Advertising
Advertising

12 Best Foreign Movies Of All Time That Will Expand Your Worldview

12 Best Foreign Movies Of All Time That Will Expand Your Worldview

Foreign movies are one film genre that is frequently misunderstood. Not all foreign movies are boring or slow-paced, and many offer eye-opening insights and views on the world. Where a film comes from has a huge effect on the piece an audience ultimately sees, for reasons ranging from culture to rating laws. To truly enjoy the wide variety of films that’s out there, you can’t forget to experience the most impressive foreign films. The following foreign movies are truly inspiring, and will expand the way you approach the world.

1. Life Is Beautiful, Italy (1997): Make The Most Of Life

foreign movie

    Life Is Beautiful is an Italian film taking place during the Holocaust. The movie follows a father in his quest to shield the horrors of their reality from his young son. A truly moving look at a very serious time in history, this tearjerker will have anyone viewing the world in a more gracious way.

    2. The Lives of Others, Germany (2006): Individuals Have Power

    the_lives_of_others_poster-9089

      This moving film takes place in post-World War II Germany, when the country was split into East and West. After the state police bug the apartment of a prominent artist, the officer surveying the artist is drawn into his life. An exciting and poignant foreign movie, this film explores the importance of taking action.

      Advertising

      3. Let The Right One In, Sweden (2008): Be Kinder

      -Let-The-Right-One-In-Poster-let-the-right-one-in-16068912-1728-2560

        This Swedish language film follows a young boy cast aside by his peers. The boy meets his first friend in a young girl with the gruesome secret. Artfully shot, this thriller film is a new twist on themes exploring the consequence of our actions.

        4. Pans Labyrinth, Spain (2006): Never Stop Exploring

        pan039s-labyrinth-poster-artwork-maribel-verduacute-ivana-baquero-sergi-loacutepez

          This Spanish film was an instant classic upon release. Pan’s Labyrinth shows a young girl struggle to accept her reality when the family moves in with a new step-father. As the girl stumbles upon a magical world, this film challenges viewers to live a richer life.

          5. Intouchables, France (2011): Consider The Other Side

          Advertising

          the-intouchables-movie-poster1

            This foreign film is set in Paris, as a quadriplegic aristocrat seeks to hire a new assistant. An unusual meeting with a disrespectful freeloader leads the millionaire to test the student. As the troublesome addition changes their lives, viewers are challenged to look at their own contributions to the world.

            6. Delicatessen, France (1991): Death Is Inevitable

            MPW-16154

              This film is a quirky and dark look at a post-apocalyptic French society. In a world where food is scarce enough to be used as currency, a twisted butcher provides meat to citizens nearby. Delicatessen is not only noteworthy for it’s exploration of life and death, it is directed by celebrated French filmmaker Jean-Pierre Juenet – the director who brought us Amelie. 

              7. The Bicycle Thief, Italy (1948): Empathy Is Crucial

              the-bicycle-thief-movie-poster-1949-1020503553

                For the more intellectual filmgoer, The Bicycle Thief is an enduring comment on winner-take-all mentality. Made in post-World War II Italy, this film follows a father and son as their only bicycle is stolen. Unable to work, this father must find a way to provide for his son. A direct comment on overly valuing competition in society, this film has each of us thinking of a better way to do things.

                Advertising

                8. Man On Wire, France (2008): Anything Is Possible

                man-on-wire-movie-poster-2008-1020422924

                  A moving documentary about Phillip Petit, Man On Wire examines the famous tightrope walker’s desire to tightrope walk between the twin towers in New York. Technically illegal, the film follows Phillip and his team in the 80‘s as they struggle to achieve this dream. Man On Wire is an inspiring foreign movie, encouraging audience members to pursue their passion.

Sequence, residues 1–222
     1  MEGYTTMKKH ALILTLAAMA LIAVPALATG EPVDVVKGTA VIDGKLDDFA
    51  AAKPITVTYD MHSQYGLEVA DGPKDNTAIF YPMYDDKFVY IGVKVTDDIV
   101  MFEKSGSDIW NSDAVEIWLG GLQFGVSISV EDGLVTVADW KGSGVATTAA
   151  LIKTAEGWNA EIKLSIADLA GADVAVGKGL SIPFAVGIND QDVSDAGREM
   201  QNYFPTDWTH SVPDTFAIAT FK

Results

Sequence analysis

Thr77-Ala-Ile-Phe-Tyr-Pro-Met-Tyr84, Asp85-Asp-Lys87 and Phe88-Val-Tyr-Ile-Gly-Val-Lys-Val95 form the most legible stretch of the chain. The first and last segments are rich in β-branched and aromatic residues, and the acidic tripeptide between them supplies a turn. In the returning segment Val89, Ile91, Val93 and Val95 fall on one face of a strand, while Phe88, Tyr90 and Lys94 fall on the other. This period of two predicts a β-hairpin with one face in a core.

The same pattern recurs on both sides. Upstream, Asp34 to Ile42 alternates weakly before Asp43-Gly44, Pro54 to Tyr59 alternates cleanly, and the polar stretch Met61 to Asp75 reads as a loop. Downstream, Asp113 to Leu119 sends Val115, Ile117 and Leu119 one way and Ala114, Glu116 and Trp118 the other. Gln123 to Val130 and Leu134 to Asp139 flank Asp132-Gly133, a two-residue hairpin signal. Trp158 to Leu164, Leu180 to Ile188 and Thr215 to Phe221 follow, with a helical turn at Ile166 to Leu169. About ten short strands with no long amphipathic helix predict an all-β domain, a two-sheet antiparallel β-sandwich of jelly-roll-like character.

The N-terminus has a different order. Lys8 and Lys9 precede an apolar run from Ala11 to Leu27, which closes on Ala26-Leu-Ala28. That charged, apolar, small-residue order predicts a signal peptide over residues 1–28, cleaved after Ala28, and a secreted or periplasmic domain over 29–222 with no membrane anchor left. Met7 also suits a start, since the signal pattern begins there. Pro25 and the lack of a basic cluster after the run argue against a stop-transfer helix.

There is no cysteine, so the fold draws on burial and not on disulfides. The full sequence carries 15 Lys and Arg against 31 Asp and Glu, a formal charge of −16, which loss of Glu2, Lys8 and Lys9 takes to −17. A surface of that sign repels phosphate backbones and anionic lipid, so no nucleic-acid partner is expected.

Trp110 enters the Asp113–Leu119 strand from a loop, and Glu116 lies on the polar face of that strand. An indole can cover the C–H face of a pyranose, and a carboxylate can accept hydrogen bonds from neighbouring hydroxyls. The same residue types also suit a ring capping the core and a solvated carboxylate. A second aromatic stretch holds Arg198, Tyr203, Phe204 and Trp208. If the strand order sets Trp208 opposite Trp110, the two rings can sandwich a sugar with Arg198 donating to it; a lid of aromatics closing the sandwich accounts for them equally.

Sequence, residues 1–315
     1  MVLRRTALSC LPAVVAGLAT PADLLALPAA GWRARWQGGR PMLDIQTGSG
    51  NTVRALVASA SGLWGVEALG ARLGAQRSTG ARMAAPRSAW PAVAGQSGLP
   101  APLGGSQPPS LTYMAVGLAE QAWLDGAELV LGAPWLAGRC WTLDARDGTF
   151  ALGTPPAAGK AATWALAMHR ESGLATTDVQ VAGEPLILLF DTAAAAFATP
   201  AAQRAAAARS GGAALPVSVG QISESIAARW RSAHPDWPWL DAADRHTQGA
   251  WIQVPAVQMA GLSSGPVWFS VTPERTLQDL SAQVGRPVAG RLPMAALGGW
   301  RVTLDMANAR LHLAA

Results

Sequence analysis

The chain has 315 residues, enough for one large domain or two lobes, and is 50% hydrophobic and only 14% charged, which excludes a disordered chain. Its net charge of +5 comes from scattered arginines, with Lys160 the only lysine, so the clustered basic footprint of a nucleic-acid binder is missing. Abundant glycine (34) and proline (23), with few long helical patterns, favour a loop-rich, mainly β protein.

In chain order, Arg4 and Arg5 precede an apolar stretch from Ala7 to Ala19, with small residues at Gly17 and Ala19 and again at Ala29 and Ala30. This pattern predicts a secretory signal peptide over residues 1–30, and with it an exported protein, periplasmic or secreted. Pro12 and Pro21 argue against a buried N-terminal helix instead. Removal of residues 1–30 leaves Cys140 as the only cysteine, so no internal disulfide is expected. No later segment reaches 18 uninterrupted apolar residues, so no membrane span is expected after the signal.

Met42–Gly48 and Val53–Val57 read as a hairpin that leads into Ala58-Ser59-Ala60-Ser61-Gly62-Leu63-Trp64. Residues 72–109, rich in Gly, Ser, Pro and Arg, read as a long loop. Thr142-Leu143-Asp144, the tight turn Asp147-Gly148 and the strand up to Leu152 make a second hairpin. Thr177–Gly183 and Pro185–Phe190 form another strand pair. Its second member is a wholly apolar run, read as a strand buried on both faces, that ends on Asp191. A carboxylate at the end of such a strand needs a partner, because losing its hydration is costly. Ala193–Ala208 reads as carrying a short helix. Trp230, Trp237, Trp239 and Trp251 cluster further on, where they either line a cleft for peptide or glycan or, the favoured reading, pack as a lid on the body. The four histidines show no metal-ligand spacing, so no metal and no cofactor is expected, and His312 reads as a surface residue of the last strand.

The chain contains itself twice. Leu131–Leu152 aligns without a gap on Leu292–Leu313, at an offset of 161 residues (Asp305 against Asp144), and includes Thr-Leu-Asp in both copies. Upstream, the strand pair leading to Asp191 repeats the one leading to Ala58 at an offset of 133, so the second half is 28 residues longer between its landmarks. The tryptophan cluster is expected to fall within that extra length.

9. A Prophet, France (2009): Desperation Is Powerful

                  a-prophet-poster

                    This quickly paced French film follows a barely-legal Arab young man as he first enters the harsh world of adult prison. He is torn between gangs, eventually forced to serve the Mafia. Too young to stand up for himself, the man doesn’t know what else to do but cooperate. An exciting crime film, A Prophet examines the massive effects of a few simple wrong turns.

                    10. Nobody Knows, Japan (2005): Human Rights Matter

                    Advertising

                    nobody_knows

                      This touching Japanese film follows unkempt single mother Keiko. When Keiko leaves with her new boyfriend indefinitely, the kids are forced to survive on their own, all while staying away from authorities who may split them up. A heart breaking look at poverty, Nobody Knows certainly effects an audiences outlook on the way we treat others.

                      11. Breathless, France (1960): Carpe Diem

                      À bout de souffle (1960) UK poster

                        No list on impactful foreign films is complete without the quintessential French film, Breathless. A classic foreign film, this movie follows an impulsive criminal who can’t stop pursuing his love interest despite police closing in on him. The film exudes French joi de vivre, and this complicated tale will have anyone more thirsty for life.

                        12. The Wave, Germany (2008): Think Before You Act

                        the wave film

                          A thoughtful and well done German film, The Wave introduces audiences to a high school teacher whose methods are out of the box. In an effort to teach his students about WWII, this teacher forms a social unit with his class that soon shows terrifying signs of control and corruption. A truly compelling look at Hitler’s rise to power, The Wave makes several points that will have each viewer examining their own lives.

                          More by this author

                          Alicia Prince

                          A writer, filmmaker, and artist who shares about lifestyle tips and inspirations on Lifehack.

                          When You Start to Enjoy Being Single, These 12 Things Will Happen 10 Things You Should Do If You’re Unemployed common words 18 Common Words That You Should Replace in Your Writing Wondering Why K Pop is So Popular? Here are 10 Reasons The 10 Most (And Least) Expensive States In America

                          Trending in Leisure

                          1 The 5-minute Guide to Meditation: Anywhere, Anytime 2 How to Quit Your Job and Travel the World After 40 3 The 25 Best Self Improvement Books to Read No Matter How Old You Are 4 25 Truly Amazing Places To Visit Before You Die 5 30 Fun Things to Do at Home